McKenna is a sophomore in Jonathan Edwards College pursuing a major in Psychology and Global Affairs. She is interested in the impact of trauma and stress on frontolimbic circuitry and how education responses in refugee camps and immigration centers can be informed by this neuroscience research. After graduation, she hopes to earn an M.Ed. and work as an education officer for an international relief NGO. Outside of the lab, she is involved in the Yale Human Rights Journal, Lowenstein Human Rights Project, Yale International Relations Association, and the Women’s Leadership Initiative. In McKenna’s free-time, you can find her teaching for IRIS or still searching for the best chai latte in New Haven.
Maddy is a junior in Pierson College majoring in Neuroscience. She is interested in how early life trauma, such as stress, can affect the neurological development of children and how the trauma may lead to future neurological disorders. Outside of the lab, Maddy is a member of Yale’s Varsity Field Hockey team. In her free time, she enjoys playing piano, spending time with friends and drinking a good cup of coffee.
Jenn graduated from Emory University in December of 2021 with a B.S. in Neuroscience and Behavioral Biology. As an undergraduate, she worked in Dr. Negar Fani’s Affective Neuroscience Lab, where she investigated the behavioral correlates of attentional control in PTSD patients. She hopes to pursue a PhD in cognitive neuroscience, where she can continue researching the neural substrates of complex cognition, behavior, and psychopathology. In her free time, Jenn enjoys hiking, window shopping, and exploring new restaurants with friends!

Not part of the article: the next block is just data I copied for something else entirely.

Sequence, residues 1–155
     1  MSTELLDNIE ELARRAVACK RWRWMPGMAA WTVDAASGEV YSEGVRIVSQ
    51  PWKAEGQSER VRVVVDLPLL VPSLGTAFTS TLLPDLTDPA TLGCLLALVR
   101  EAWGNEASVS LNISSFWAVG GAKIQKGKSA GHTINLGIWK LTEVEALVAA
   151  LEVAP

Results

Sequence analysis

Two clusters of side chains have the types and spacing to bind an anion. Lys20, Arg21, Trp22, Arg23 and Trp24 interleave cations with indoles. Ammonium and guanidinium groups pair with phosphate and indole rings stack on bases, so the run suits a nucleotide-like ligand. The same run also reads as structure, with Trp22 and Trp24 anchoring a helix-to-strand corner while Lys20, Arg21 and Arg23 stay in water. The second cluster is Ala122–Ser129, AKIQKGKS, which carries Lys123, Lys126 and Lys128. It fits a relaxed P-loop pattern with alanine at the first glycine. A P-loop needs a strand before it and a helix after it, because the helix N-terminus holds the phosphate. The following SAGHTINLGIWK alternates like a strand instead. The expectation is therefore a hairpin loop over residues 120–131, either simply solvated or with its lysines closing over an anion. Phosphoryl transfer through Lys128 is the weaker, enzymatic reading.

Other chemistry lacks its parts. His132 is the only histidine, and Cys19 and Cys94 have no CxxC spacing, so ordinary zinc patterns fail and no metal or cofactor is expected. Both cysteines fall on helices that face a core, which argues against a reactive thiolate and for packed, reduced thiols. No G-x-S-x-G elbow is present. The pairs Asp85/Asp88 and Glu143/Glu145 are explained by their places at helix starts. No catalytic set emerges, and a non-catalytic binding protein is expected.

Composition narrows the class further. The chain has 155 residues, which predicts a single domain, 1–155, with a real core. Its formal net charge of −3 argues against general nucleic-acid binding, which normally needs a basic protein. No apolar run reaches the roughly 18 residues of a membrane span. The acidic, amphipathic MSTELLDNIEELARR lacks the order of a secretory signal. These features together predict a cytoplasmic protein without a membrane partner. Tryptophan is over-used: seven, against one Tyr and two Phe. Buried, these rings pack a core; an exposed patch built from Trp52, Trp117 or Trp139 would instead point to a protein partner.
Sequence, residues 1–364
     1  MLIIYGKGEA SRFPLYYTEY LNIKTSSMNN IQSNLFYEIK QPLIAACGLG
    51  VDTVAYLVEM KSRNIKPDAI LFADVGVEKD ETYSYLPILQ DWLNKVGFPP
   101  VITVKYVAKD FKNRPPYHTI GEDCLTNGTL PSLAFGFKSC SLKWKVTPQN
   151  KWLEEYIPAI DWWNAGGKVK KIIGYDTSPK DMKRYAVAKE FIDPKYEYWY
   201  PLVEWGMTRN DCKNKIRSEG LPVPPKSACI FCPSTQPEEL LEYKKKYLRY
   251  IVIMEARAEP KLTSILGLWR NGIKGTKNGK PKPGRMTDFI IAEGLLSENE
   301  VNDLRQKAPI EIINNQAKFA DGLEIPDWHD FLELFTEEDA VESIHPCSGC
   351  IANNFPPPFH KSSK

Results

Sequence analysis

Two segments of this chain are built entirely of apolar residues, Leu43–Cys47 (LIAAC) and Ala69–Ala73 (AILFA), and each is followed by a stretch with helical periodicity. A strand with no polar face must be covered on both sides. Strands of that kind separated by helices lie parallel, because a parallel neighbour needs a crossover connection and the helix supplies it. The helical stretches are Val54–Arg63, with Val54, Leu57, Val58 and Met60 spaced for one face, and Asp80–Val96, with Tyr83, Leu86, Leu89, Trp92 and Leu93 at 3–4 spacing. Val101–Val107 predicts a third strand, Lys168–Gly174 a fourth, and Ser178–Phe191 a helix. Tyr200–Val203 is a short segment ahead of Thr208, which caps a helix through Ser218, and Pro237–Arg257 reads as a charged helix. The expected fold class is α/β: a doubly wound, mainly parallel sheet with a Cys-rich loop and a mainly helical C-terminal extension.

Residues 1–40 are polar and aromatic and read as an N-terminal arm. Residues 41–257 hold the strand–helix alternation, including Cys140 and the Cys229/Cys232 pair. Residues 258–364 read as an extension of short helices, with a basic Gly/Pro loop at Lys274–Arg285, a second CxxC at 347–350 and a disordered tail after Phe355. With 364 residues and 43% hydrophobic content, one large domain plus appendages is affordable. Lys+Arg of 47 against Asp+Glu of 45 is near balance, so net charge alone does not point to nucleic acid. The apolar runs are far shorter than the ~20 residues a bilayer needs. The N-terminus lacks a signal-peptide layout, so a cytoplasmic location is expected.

Drew is a Psychology major with a focus on neuroscience at Yale in the Class of 2023. He is interested in the many facets of a child's life that affect their cognition and brain functioning and investigating important questions such as how socioeconomic status influences literacy and educational attainment. Drew wants to go to medical school and loves working with children. Outside of academics, Drew plays rugby at Yale and he enjoys playing video games and reading as well.
Gillian is a rising sophomore in Benjamin Franklin College, majoring in Cognitive Science and pursuing a Certificate in Programming. She is interested in using computational approaches to explore the association between stress exposure and brain structure. On campus, Gillian teaches computer science to middle school students in New Haven Public Schools, plans events for a women’s mental health and wellness organization at Yale, and is on the outreach team for Yale’s Women’s Leadership Initiative. In her free time, she enjoys baking, hiking, and exploring coffee shops in New Haven.